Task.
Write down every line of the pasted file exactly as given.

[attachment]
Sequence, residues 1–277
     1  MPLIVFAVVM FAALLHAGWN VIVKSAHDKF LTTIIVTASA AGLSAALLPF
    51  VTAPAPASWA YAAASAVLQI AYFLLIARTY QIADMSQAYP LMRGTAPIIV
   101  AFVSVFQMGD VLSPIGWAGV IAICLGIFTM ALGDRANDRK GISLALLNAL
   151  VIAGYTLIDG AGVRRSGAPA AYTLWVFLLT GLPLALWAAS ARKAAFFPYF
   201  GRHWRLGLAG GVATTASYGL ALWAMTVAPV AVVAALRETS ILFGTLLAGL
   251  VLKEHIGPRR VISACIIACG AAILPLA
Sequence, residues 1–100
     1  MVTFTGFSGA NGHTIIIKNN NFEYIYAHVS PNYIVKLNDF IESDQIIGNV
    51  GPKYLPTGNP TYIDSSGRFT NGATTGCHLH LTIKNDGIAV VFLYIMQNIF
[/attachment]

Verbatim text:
Sequence, residues 1–277
     1  MPLIVFAVVM FAALLHAGWN VIVKSAHDKF LTTIIVTASA AGLSAALLPF
    51  VTAPAPASWA YAAASAVLQI AYFLLIARTY QIADMSQAYP LMRGTAPIIV
   101  AFVSVFQMGD VLSPIGWAGV IAICLGIFTM ALGDRANDRK GISLALLNAL
   151  VIAGYTLIDG AGVRRSGAPA AYTLWVFLLT GLPLALWAAS ARKAAFFPYF
   201  GRHWRLGLAG GVATTASYGL ALWAMTVAPV AVVAALRETS ILFGTLLAGL
   251  VLKEHIGPRR VISACIIACG AAILPLA
Sequence, residues 1–100
     1  MVTFTGFSGA NGHTIIIKNN NFEYIYAHVS PNYIVKLNDF IESDQIIGNV
    51  GPKYLPTGNP TYIDSSGRFT NGATTGCHLH LTIKNDGIAV VFLYIMQNIF